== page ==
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QUESTION TIME WITH MENTOR JOHN

Office politics: Taking the bull by the horns

John Bittleston shares his advice on how to work well with difficult people in the workplace

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Reaching out to a difficult colleague or manager is the best way to put forward your thoughts and attempt to find a resolution before the situation spirals out of control.

GETTING along with others is essential. In world politics, it's the difference between war and peace. In the workplace, it can be the difference between getting fired or a promotion. However, difficult colleagues or a demanding boss make working well with others a challenge.

Q: My boss is a pain. How should I handle him/her?

A: First, think about your boss, not yourself. You may be getting a rough time from him, but stating your case will only make things worse. He is wrapped up in himself and his own concerns. We can all be selfish, at one time or another. Selfishness is necessary for survival but unselfishness is essential for a working society. Your unselfishness now may save both him and you.

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Tell him you would like advice on a personal matter. Ask if you can have a quiet chat - preferably over coffee away from the office or, failing that, at a time when things are quiet. During your chat, tell him that you need advice because you think you should not be as unhappy as you are. Ask him if he has ever had a similar experience, and if so what he did to get himself out of it.

Be straightforward but gentle, even if he is rough. Tell him you know he has a lot of responsibilities and is very hardworking. Ask him if he will help you to work the unhappiness out of your system.

If you do this nicely, thinking about him and his worries more than you and your worries, you will be surprised at how he will try to help.

Q: My team are ganging up on me and I am lost. What should I do?

A: Whether you are the team leader or team member, look for reasons why they are doing this. Has anything you have done - or are doing all the time - given them good reason to gang up on you? Be honest, we often bring trouble on ourselves unwittingly. Can you change your behaviour?

Can you spot the ringleader who is creating this trouble? There will certainly be one who drives the team's bad behaviour. Take your time to identify this person - they are the key to your solving your problem.

Recognise that people who do this are themselves unhappy. This makes them vindictive. Like before, ask for a quiet time with this ringleader away from the office. Ask him how you can contribute better to the team so that you can become more integrated. Get to know the ringleader better. Ask his opinion on how the business is run or whether things are looking up or down.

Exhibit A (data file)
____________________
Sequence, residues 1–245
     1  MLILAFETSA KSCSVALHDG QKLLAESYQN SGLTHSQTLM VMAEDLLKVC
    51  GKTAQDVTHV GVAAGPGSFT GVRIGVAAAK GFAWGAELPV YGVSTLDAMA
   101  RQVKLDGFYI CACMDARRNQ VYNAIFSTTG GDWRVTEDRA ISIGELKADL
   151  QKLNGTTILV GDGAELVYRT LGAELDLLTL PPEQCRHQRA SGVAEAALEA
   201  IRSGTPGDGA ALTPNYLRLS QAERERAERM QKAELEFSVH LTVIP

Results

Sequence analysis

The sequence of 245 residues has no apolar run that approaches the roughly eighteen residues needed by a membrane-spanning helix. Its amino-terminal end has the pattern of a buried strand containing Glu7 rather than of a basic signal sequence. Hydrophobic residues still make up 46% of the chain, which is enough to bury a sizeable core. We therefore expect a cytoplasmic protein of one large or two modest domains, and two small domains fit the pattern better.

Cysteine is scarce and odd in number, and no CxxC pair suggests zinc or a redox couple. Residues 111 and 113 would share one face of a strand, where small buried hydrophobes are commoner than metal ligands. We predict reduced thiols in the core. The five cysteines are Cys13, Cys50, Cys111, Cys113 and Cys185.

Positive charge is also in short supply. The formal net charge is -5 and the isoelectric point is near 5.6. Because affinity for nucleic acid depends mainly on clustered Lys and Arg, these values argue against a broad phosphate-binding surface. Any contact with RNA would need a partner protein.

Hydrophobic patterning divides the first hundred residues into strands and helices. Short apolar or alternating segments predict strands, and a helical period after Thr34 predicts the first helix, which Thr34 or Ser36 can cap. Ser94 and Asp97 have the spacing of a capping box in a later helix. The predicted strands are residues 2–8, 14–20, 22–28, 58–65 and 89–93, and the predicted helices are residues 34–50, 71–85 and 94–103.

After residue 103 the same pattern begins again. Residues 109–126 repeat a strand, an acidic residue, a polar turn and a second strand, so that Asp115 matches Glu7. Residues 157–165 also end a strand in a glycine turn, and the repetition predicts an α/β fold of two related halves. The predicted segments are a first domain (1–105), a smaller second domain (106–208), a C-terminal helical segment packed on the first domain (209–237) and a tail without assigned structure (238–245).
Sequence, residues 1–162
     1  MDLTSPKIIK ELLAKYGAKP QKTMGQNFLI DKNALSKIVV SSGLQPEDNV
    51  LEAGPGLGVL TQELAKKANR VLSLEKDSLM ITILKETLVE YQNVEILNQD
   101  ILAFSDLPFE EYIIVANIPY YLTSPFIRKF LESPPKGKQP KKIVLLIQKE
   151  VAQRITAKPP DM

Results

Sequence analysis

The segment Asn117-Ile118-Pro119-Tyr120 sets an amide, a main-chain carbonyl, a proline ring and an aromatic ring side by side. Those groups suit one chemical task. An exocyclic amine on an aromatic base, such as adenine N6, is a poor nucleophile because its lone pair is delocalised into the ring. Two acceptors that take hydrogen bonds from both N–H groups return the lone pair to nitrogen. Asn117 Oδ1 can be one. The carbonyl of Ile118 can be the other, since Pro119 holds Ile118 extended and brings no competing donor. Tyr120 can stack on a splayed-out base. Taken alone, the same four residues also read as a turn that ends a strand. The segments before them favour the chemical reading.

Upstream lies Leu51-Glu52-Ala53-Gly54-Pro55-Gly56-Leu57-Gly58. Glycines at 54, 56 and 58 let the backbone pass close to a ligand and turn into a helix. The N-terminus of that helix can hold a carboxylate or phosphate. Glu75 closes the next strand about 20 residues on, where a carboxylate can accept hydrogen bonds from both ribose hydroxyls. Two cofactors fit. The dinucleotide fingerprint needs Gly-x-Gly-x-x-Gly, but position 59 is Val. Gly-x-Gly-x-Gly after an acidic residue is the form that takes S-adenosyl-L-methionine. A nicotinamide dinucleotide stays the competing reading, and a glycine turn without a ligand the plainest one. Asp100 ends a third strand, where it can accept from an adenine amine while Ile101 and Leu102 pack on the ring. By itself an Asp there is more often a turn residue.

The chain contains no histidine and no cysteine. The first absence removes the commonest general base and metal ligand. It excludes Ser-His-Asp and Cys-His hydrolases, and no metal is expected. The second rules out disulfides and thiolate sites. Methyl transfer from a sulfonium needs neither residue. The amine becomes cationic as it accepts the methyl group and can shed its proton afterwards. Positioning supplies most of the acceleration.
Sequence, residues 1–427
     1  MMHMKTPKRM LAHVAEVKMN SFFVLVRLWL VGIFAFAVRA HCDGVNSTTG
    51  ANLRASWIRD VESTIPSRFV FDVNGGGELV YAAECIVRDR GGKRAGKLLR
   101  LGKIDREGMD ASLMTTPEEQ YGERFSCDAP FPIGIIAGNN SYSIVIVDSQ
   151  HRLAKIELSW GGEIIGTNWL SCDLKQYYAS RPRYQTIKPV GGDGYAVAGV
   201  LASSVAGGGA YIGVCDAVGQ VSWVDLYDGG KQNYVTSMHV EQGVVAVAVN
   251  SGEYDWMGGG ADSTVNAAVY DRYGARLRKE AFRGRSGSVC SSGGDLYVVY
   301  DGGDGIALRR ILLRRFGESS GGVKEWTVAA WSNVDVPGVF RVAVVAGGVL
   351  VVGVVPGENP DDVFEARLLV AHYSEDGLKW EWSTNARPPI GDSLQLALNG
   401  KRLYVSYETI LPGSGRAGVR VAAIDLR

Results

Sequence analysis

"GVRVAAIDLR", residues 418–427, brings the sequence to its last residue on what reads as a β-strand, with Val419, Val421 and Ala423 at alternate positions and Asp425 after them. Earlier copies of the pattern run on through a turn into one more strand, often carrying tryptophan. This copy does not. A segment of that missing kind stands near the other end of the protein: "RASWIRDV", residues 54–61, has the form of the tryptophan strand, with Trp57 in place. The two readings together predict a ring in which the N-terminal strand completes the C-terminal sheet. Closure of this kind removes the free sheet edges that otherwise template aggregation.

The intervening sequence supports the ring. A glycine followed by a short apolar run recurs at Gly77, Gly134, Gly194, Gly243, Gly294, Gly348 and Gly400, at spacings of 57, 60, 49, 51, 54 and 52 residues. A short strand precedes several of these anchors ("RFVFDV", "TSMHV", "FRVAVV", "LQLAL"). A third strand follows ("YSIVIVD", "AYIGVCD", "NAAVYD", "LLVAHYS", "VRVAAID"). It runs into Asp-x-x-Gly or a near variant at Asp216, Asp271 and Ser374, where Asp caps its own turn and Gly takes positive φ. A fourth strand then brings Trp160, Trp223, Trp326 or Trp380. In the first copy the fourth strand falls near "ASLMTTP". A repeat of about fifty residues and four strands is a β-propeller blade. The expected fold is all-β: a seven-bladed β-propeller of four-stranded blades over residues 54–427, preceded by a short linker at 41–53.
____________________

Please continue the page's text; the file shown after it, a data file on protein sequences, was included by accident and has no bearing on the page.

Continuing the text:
Be careful not to slander anyone or it could come back to bite you. Become friends with the ringleader and he is more likely to cooperate with you and endorse you.

Q: I can't get my team to do what I ask. How can I be more effective with them?

A: Those in a leadership position often find those working for them becoming difficult and rebellious. After all, we usually don't like the boss, so don't be too sensitive about yourself.

Instead, try to be very sensitive to these difficult people. Do you have enough authority to handle your subordinates, such as the ability to fire them? If not, you may need to speak to senior management.

Establishing your position as strongly as you can is essential when dealing with difficult subordinates. Once this is done, seek out the person who is making the waves most strongly.

Like before, there will always be a ringleader, who is key to your problem. Do whatever you can to get the ringleader on your side by asking them for help. People often find it difficult to resist giving help. However, if this is absolutely impossible - and there are always some people who are pathologically difficult - then get rid of them. Every leader from time to time has to show who is boss.

Q: I don't like confrontation and avoid it. This has slowed down my progress at work. What can I do?

A: Most people dislike confrontation. Unfortunately, sometimes we have to be confrontational. Fortunately, we do not have to do so by behaving aggressively. Done correctly, our confrontation can appear to be cooperation.

Many people think confrontation involves saying things that are provocative, controversial or hurtful. In tricky situations, speaking the truth - in a calm and kindly manner - is never wrong. Before you approach the other party, first ask yourself what outcome you want. Ideally, this should be to improve the behaviour of the person you are finding difficult. This can never be done by either being aggressive or avoiding the issue.

Think of the questions you can ask the person about what they want out of the situation. Find out what they take pride in and what makes them happy at work. Resolve to tell the truth in such a way that will not cause anger or hurt but will encourage the person you have to confront to do better. Above all, remember that this is all about them, not about you. You are fine.

  • Do you have questions for Mentor John on how to improve your business? Please send them to btletters@sph.com.sg
  • John Bittleston is founder mentor and executive chairman of Terrific Mentors International.
  • For more tips on how to get along better with others, go to businesstimes.com.sg for John Bittleston's webinar.